How California increases penalties for each additional DUI charge

Impaired driving is a common reason people get arrested. Some drunk or drugged driving arrests occur after someone causes a crash that results in property damage or injury. However, quite a few driving under the influence (DUI) charges are victimless and result from traffic stops rather than collisions.

Given that they don’t cause injury or damage to others, traffic stop-based DUI charges might seem less serious than other criminal charges. An officer merely has reason to believe that their blood alcohol concentration was above the legal limit of 0.08%.

While the penalties associated with a technical DUI are lower than the charges and penalties involved when a driver hurts someone or damages their property, they can still change the course of your life. That is especially true for a second, third or subsequent DUI charge, as the penalties increase with each conviction.

How does California punish a DUI charge?

The first time someone faces DUI charges, the charge will be a misdemeanor. The penalties include up to 48 hours in prison, $390 in fines, and six months of license suspension. Anyone convicted of a DUI will also have to complete mandatory substance use disorder education.

For a second offense within 10 years, the penalties increase. Someone could go to jail for 96 hours, face three years of probation, and loss of their license for two years. A third or subsequent offense can lead to 120 hours in jail and three years of license suspension.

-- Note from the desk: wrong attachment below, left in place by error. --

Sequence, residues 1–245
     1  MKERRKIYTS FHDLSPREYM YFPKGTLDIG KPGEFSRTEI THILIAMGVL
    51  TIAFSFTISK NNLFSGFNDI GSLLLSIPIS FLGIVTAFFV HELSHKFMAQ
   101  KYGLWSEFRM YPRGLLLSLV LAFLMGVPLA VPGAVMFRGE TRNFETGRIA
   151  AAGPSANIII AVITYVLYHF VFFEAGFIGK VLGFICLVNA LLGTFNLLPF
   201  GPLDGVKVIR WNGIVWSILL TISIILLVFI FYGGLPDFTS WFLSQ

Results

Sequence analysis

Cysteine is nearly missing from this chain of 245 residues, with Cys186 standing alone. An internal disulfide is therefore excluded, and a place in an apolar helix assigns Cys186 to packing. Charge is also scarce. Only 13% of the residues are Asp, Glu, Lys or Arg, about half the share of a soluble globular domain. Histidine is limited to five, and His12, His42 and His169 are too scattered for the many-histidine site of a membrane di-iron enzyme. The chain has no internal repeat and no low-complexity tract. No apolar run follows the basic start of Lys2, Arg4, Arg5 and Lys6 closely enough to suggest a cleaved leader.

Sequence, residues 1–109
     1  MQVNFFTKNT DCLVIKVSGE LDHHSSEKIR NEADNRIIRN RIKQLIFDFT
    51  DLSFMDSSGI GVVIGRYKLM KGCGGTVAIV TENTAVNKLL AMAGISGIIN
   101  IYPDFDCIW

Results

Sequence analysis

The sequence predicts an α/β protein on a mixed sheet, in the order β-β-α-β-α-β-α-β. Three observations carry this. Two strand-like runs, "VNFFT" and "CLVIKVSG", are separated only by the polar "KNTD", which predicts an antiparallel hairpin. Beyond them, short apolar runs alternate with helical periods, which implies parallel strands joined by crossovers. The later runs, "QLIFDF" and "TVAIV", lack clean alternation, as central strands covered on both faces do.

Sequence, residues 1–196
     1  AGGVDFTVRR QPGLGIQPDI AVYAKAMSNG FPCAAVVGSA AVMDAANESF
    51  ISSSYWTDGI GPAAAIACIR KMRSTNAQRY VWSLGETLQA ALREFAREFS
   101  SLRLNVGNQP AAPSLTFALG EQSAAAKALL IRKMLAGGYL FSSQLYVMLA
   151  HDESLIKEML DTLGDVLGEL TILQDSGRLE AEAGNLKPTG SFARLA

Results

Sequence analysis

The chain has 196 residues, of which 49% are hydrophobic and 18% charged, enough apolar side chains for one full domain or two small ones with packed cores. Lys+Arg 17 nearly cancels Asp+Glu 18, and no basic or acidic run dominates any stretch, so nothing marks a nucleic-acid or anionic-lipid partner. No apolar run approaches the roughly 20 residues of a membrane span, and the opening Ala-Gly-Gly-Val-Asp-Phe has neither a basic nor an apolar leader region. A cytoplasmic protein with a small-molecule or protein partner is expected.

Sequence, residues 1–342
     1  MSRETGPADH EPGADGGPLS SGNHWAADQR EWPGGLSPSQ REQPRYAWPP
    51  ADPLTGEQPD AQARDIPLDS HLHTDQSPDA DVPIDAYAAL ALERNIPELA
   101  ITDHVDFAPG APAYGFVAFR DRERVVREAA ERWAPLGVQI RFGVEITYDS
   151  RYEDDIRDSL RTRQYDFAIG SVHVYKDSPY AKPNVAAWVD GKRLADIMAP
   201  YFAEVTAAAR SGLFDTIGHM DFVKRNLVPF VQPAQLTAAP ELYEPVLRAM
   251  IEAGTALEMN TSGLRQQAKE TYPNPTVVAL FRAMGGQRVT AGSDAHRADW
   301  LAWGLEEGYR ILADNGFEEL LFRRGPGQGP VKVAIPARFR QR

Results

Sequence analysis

The threat of increasing penalties is a strong reason to defend yourself

If you compare the penalties for a first offense with a third offense, a first-time DUI may not worry you very much. However, once you have that arrest on your record, you will be at risk for future arrests with higher penalties for a decade.

Defending yourself against a first DUI conviction will mean that you don’t face increased penalties if you ever get arrested again. Instead, you will only face the first-time consequences. The same is true of those who have gone more than 10 years since a DUI offense. Those with a previous DUI on their record face will likely want to aggressively defend themselves to avoid the loss of their freedom and their license.